Xhosa Culture & Tradition Adapting To Modern South Africa


Issue No.22010

Words: Artur Caracciolo

The majority of Xhosa women have a basic lifestyle in the Western and Eastern Cape. These women make jewellery to sell for a living.Photo: © South African Tourism

Approaching 8 million people, the Xhosa speaking population is the second largest ethnic group in South Africa following the Zulu.

Most of the Xhosa population are concentrated in the Transkei and Ciskei regions of the Eastern Cape (approximately 5.3 million). However, since the end of apartheid many Xhosa people have moved to the Western Cape, where today there is roughly 1 million. The migration from the Eastern to the Western Cape is due to the lack of job opportunities in the their native land, where many people still live a rural lifestyle, based on traditional agriculture, without being affected by development in the fast-growing cities and suburban areas. On the other hand, circumstances in the (former homeland) rural areas of the Eastern Cape have deteriorated to such an extent that it is becoming less and less possible for rural households to sustain their homes. Therefore, migration becomes their only option.

Last year, in Cape Town, the Xhosa population increased. Unfortunately, because of their poor origin, they live mostly in the black townships outside the city, like Khayelitsha or Gugulethu, however, a minority of them occupy prestige positions in society and live in better areas of the city, while others are improving their lives by gaining a good education.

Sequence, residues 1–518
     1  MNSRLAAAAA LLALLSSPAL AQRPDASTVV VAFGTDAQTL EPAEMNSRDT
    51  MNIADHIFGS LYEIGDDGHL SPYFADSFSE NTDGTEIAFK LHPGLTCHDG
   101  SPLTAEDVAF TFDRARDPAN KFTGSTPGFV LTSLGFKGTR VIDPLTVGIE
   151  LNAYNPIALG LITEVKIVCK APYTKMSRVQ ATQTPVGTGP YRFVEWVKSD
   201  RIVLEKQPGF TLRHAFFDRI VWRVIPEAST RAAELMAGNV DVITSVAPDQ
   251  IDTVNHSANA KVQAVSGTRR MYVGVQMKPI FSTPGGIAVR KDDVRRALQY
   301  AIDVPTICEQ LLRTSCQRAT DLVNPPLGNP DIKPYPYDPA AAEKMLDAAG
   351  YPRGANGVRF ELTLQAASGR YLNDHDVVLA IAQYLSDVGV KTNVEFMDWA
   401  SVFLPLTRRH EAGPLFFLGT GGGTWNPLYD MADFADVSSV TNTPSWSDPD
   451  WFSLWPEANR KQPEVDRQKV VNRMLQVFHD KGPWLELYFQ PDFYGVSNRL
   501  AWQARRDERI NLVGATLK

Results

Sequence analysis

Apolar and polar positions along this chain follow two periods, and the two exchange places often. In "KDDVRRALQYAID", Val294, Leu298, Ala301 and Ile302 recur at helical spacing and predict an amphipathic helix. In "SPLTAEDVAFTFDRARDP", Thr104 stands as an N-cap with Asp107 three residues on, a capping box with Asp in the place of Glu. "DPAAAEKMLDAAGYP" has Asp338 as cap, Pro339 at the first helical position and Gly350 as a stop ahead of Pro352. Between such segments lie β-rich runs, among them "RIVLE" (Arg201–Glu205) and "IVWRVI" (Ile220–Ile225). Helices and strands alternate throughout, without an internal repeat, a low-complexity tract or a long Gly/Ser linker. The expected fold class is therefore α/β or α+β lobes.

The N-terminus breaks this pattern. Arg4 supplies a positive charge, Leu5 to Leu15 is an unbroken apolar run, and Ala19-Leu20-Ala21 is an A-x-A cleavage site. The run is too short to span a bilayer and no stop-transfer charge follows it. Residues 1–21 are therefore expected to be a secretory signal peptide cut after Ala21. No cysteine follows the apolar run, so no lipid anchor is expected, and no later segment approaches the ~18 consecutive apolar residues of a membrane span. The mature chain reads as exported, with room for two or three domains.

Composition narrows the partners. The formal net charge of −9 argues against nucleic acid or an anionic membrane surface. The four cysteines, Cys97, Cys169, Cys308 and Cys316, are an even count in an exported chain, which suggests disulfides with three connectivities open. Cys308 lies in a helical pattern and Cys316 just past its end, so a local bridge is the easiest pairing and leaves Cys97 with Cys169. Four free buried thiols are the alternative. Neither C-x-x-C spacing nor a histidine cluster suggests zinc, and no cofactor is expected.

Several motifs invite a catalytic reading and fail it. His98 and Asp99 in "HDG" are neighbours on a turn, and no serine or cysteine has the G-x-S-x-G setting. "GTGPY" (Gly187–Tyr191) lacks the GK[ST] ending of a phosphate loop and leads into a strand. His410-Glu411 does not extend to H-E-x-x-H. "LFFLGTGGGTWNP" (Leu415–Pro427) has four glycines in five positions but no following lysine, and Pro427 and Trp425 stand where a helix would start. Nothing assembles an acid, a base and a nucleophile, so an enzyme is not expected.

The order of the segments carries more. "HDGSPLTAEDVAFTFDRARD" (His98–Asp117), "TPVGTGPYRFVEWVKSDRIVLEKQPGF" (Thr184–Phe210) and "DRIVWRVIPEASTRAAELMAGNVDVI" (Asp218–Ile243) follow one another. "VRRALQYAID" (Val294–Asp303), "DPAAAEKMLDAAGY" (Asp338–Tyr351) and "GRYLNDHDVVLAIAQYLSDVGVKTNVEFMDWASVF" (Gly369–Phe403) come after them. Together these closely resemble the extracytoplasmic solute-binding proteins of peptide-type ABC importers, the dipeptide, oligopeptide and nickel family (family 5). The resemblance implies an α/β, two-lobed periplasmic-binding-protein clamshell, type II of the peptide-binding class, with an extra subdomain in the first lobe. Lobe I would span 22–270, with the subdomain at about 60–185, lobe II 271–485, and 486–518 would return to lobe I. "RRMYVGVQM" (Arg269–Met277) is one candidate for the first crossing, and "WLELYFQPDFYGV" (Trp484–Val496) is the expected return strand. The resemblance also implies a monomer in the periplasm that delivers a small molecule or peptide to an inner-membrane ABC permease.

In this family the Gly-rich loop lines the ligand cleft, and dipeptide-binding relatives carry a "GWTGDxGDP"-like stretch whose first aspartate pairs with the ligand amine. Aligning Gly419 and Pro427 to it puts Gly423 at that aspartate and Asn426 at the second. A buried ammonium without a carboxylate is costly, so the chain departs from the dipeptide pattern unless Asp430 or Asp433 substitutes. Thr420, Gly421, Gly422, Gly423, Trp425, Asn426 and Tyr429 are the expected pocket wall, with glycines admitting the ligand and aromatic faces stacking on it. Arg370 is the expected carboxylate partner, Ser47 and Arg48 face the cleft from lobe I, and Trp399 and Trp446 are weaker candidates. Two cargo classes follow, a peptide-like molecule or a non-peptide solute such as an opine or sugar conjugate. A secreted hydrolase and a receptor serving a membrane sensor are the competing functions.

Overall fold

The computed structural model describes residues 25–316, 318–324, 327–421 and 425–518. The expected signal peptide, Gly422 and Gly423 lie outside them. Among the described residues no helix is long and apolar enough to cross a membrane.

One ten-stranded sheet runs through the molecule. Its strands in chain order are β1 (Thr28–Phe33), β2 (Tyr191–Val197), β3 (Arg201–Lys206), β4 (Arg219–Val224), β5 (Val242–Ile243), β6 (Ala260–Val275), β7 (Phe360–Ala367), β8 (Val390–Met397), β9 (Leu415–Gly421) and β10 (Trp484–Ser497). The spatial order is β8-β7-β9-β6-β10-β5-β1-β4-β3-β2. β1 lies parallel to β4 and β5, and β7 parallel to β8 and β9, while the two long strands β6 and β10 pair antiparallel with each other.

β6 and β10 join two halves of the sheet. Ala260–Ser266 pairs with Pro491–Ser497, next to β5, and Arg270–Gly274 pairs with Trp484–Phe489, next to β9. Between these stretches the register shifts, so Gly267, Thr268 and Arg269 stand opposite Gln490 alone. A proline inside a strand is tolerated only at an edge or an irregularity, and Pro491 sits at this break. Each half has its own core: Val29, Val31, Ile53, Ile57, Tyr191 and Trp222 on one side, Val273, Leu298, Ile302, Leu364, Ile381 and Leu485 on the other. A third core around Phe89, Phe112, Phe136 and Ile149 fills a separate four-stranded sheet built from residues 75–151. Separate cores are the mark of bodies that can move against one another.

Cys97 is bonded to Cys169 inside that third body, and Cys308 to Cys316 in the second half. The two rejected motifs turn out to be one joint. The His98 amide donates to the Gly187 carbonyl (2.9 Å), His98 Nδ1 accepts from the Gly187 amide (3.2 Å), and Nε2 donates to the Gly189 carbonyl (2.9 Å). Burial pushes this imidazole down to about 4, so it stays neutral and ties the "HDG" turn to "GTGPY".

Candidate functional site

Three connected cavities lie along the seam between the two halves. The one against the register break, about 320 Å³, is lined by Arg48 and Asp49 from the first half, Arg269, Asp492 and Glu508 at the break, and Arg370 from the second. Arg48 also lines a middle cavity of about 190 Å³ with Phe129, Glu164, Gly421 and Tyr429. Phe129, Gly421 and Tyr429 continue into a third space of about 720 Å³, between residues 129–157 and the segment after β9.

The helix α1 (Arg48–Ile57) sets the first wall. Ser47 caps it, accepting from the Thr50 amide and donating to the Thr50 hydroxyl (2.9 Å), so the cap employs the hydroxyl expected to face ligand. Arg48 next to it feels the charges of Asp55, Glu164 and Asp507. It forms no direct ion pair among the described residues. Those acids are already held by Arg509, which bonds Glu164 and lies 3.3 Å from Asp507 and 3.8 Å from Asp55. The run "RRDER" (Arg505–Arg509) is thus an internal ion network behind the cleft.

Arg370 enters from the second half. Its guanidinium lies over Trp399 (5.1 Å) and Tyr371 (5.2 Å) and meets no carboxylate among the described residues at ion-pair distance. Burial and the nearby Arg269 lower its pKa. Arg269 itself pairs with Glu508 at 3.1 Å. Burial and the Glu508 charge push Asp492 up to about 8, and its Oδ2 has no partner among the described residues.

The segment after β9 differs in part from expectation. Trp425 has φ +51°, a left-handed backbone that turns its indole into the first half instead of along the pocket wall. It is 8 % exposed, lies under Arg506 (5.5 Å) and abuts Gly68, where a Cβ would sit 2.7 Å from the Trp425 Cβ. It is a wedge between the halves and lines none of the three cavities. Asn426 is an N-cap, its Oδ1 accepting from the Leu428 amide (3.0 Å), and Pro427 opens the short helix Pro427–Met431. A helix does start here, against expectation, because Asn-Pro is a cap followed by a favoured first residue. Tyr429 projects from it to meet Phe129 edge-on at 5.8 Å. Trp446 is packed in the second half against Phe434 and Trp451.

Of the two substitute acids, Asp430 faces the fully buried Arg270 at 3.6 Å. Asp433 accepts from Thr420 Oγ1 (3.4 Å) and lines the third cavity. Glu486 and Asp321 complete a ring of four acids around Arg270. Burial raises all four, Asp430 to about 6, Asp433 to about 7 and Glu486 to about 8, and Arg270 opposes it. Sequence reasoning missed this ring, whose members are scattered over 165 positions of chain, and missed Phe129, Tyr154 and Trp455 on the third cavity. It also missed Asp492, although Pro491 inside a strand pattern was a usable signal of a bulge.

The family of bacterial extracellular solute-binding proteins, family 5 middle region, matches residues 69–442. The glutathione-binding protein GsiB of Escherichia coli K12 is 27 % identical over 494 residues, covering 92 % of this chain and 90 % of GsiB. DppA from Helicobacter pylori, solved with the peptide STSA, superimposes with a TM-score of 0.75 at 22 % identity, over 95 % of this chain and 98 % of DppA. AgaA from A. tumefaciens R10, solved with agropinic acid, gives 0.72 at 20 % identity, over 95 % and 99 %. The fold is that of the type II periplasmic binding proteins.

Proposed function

Life in a small village

Funeka is 46 years old and she lives in a little room in Muizenberg, on the coast of Cape Town, with her daughter who is almost 16 years old. She is the perfect example of a typical Xhosa lady in Cape Town. She works, so that she can give her daughter a better education. ‘I want her to be free to do what she wants,’ Funeka says, ‘even to go and see the world.’ She came to Cape Town in 1986 from a little village in the Eastern Cape, ‘I came here to change my life, after my husband died I didn’t have a reason to stay and so I decided to go to Cape Town to find a job’.

Funeka described her life in the Eastern Cape: ‘Imagine that when I was 16 I was forced to marry a man, like all the other Xhosa women, this practice is called ukutwala in my language and is part of my tradition. I was washing the clothes in the river with my sisters when three men came up to us, asking which one of us was Funeka, I said that I was Funeka and they went away. That night they came to my house, I was sleeping with my mother, they took me (completely covered) to a car, I couldn’t see anything, and I could only hear my mother shouting at them. When we arrived at the other village they showed me my ‘husband’ and I had to sleep with him that night. My mother was really disappointed because she wanted me to study instead of being a wife my whole life so she called the police. The family of my husband threatened her, they said they wouldn’t continue to give her support with her house and with her harvest; they threatened to ban her from the village community. Sadly as my mother was lonely [Funeka’s father died when she was 5 years old], she decided to end the police involvement and grant the marriage’.

The arranged marriage

Traditionally, Xhosa people are supportive of arranged marriages, but this is beginning to change with modern influences..Photo: Kai Kuusik-Greenbaum, www.sxc.hu